Campaign highlights importance of life-saving skills in memory of late student
Public Relations students work with St John Ambulance NSW on teaching every student First Aid
In emergency situations, every minute matters.
That was the message put forward on Wednesday (8 May) when Public Relations students from the University of Wollongong (UOW) came together with representatives from St John Ambulance NSW to highlight the importance of learning First Aid.
The event, the official launch of the #EveryMinuteMatters campaign, was in tribute to UOW student Naum Dislievski, who passed away in 2017 during an evening out in Wollongong.
Naum, a 20-year-old student who was studying in the Faculty of Business, was celebrating the end of his exams when he collapsed from a cardiac event at a local nightclub.
No bystanders responded; it is unclear whether they weren’t aware it was an emergency or didn’t have the skills to help.
The tragedy was a catalyst for students and staff in the Faculty of Business, who were determined to do what they could to ensure it never happened again.
The result was #EveryMinuteMatters, an initiative of students in the subject MARK321: Creative Public Relations Campaigns, which encourages every member of society to learn the basics of First Aid, and in particular, CPR.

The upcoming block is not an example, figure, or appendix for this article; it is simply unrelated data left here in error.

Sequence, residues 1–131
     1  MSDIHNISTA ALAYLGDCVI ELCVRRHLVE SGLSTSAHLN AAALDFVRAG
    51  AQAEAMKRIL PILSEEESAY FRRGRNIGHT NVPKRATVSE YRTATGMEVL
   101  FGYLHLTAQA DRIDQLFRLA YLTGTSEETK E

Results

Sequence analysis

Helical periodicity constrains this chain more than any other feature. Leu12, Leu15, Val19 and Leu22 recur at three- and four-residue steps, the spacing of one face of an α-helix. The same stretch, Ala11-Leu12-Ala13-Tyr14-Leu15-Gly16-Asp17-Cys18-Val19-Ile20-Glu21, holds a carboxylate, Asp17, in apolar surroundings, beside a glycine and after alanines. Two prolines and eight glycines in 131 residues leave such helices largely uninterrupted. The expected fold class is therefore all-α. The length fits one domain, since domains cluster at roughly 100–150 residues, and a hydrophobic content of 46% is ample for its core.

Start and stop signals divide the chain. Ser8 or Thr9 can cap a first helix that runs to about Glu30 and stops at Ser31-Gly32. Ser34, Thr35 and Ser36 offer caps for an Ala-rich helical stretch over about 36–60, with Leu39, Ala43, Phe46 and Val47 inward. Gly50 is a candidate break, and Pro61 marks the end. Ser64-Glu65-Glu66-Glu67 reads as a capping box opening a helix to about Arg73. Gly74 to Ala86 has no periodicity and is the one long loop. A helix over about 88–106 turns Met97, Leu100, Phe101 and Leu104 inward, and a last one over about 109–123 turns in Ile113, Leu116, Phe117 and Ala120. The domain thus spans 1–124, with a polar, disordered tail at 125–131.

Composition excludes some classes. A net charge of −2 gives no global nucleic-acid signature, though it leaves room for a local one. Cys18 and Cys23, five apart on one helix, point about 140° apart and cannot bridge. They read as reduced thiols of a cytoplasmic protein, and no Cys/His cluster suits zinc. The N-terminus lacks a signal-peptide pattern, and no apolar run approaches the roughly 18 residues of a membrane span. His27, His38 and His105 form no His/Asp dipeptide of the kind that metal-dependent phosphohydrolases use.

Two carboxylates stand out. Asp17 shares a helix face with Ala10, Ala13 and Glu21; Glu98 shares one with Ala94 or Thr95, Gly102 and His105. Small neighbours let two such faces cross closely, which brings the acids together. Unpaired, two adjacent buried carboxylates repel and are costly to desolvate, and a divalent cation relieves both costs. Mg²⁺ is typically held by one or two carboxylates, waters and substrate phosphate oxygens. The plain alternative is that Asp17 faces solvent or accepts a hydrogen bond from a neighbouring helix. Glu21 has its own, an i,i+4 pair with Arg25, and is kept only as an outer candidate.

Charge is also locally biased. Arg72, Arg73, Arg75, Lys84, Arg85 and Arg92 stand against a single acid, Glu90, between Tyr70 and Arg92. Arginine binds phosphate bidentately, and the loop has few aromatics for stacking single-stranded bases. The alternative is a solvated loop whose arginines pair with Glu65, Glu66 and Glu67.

During the launch on Wednesday, at UOW’s Communications Centre, family and friends of Naum gathered with the students of MARK321 and representatives from St John Ambulance NSW, the Faculty of Business, and players from the St George Illawarra Dragons NRL team.
Representatives from St John Ambulance NSW spent hours teaching UOW students CPR.
Dragons players Tristan Sailor and Jeremy Lattimore learnt the basics of First Aid and encouraged onlookers to do the same.
As part of the class, the students had created a memorial video for Naum, which captured his family and friends’ love for their “gentle giant”.
“He encouraged me to be the best I could be,” his sister Maree said in the video.
Professor Charles Areni, Executive Dean of the Faculty of Business, told the crowd gathered that tragedy was often the impetus for change.
“Tragic events bring people together,” he said. “Why don’t more people learn First Aid? It was a challenge we brought into the classroom, and it was designed to get everyone in our community trained up so this never happens again.”
Students from MARK321 spoke during the launch. They shared four short videos they have created, which teach others what to do in a moment of crisis; there were tutorials on how to deal with choking, bleeding, anaphylaxis, and cardiac arrest.
They also showed a video from Bondi Rescue lifeguard Bruce ‘Hoppo’ Hopkins, who stressed how critical time can be when facing an emergency and how having basic skills can ensure those first on the scene are calm and confident in the moment.
The final speaker at the event was Martin Thomas, General Manager Training and Development from St John Ambulance NSW, who said he was incredibly proud to be part of the campaign and working alongside the university.
“First Aid is a skill that everyone should know,” Mr Thomas said. “In emergency situations, minutes save lives so everyone should be competent and capable of delivering CPR.”